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Langdon Hammer on the Opening Stanza of Tate's "Ode"

… Tate’s array of formal effects introduces a poem that, in the rigor of its self-reference, in its predilection for turning back on itself as it moves forward, is unusually concerned to present itself as poetic language and not something else. These opening lines exemplify the poet’s will to present a self-sufficing structure.

The military graveyard, a clearly demarcated, semisacred site, suggests a metaphor for such a structure. Consider for a moment only the first two lines of the poem. "Row after row with strict impunity, / The headstones yield their names to the elements." Here the dignity of martial discipline points to the metrical strictures of the lines themselves, to the poem’s ordering of its own rows. In this context, "Row after row" describes a design comprehending both literary craftsmanship and military discipline: it is the form parts assume when they enter into a whole. What is lost in this form, evidently, is the name – or individuality – of each part, and this loss or defacement is seen here as nothing less than death, however willingly headstones or soldiers yield to "the element." (It is worth noting that between 1928 and 1937 Tate substituted "yield" for "barter" in line 2, in effect accenting the sense of deliberate sacrifice. These headstones, to the extent that they stand for the soldiers they commemorate, are also heads-turned-to-stone; they are emblems of the human transformation wrought by martial discipline, the stoic refusal of sentiment.) What, on the other hand, is gained in this extreme ascesis is the confirmation of a corporate order – an articulation of the whole that depends upon the subordination of the parts. This economy obviously informs Tate’s definition of the unitary, organic society, instantiated in the heroic codes of the Confederate South, but it is just as obviously the economy of that other unitary structure, the organic text. For the process by which the dead give up their names also figures that process by which the personal enters and is effaced by the "element" of poetic form.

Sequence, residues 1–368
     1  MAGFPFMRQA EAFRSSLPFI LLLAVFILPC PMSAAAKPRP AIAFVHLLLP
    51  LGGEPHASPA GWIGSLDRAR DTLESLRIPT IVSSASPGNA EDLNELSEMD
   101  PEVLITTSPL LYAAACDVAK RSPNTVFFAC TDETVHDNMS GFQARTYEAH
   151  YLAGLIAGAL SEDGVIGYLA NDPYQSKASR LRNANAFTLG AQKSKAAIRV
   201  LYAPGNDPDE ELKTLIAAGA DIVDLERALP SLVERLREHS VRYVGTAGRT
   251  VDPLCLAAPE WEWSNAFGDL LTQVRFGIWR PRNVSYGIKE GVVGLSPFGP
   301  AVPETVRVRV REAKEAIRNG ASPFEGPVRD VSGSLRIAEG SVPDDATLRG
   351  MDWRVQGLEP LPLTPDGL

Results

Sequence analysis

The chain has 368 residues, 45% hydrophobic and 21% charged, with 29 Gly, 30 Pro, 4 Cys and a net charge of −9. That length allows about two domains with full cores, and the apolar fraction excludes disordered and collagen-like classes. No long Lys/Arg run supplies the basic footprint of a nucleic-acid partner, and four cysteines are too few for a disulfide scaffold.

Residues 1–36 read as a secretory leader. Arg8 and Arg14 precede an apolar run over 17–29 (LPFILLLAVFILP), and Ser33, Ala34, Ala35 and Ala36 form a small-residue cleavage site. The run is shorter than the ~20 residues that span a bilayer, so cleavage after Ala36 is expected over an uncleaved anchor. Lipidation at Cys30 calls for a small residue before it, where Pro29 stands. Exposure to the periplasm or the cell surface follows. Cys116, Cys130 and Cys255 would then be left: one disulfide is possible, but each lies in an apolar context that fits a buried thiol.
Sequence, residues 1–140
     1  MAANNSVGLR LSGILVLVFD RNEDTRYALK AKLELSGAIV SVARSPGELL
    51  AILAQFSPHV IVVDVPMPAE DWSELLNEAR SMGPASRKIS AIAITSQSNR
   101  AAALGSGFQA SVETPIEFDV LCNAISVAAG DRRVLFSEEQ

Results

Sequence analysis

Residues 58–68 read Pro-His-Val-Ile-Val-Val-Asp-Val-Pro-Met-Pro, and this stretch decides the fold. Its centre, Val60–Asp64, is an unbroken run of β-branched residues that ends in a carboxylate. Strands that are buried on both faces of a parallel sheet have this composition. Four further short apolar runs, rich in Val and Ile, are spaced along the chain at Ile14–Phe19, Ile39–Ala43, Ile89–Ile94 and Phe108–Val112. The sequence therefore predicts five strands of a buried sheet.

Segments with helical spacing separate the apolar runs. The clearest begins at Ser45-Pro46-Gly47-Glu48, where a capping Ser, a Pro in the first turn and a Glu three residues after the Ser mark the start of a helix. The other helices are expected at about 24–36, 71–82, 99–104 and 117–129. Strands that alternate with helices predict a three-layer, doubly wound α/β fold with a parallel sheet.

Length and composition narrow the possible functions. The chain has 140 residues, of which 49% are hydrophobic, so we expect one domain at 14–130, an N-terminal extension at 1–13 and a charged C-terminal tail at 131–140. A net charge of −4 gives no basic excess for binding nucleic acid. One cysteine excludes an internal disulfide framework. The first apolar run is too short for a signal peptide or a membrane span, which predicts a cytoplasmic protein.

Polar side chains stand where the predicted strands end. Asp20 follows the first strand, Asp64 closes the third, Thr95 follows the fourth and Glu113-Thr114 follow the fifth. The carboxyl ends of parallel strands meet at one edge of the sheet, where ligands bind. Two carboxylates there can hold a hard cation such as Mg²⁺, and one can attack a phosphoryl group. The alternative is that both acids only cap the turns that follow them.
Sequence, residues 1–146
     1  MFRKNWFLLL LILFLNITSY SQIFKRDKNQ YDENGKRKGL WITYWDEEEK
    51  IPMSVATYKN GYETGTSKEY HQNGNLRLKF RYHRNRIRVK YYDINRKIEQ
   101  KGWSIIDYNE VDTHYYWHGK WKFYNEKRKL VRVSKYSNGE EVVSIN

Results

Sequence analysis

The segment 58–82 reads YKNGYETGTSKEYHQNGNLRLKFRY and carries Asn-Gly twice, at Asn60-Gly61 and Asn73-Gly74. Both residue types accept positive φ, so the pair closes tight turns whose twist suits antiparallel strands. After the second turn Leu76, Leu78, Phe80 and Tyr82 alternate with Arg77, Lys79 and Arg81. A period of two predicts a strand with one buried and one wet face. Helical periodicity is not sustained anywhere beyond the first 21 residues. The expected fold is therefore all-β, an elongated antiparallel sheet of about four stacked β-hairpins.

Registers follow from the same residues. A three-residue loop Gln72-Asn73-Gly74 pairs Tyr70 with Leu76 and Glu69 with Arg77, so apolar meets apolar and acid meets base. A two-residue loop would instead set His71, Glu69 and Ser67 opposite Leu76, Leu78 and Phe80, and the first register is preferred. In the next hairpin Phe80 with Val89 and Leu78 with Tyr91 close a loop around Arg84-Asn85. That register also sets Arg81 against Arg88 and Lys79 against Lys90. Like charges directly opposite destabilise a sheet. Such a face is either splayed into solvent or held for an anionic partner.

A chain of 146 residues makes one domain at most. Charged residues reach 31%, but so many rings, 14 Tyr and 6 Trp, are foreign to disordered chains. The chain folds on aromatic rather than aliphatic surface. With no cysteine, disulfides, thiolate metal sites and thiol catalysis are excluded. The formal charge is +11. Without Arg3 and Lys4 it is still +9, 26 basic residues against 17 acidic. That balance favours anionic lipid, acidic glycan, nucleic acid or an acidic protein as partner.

That process is one of defeat – passively, or perhaps impassively, the headstones surrender their names – and yet it is also one of victory, since the markers surrender "with strict impunity." That phrase neatly condenses the oxymoronic victory-in-defeat we are concerned with here, and it points to the kind of "unimpugnable" structure that Davidson speaks of in his letter to Tate. Throughout his poetry, Tate’s fascination with what is "strict," tight, or narrow, evokes a style of contained power, a kind of crabbed violence …

from Langdon Hammer, "the Burial of the Confederate Dead" (Chapter 4) in Hart Crane and Allen Tate: Janus-faced Modernism (Princeton: Princeton U P, 1993), 86.

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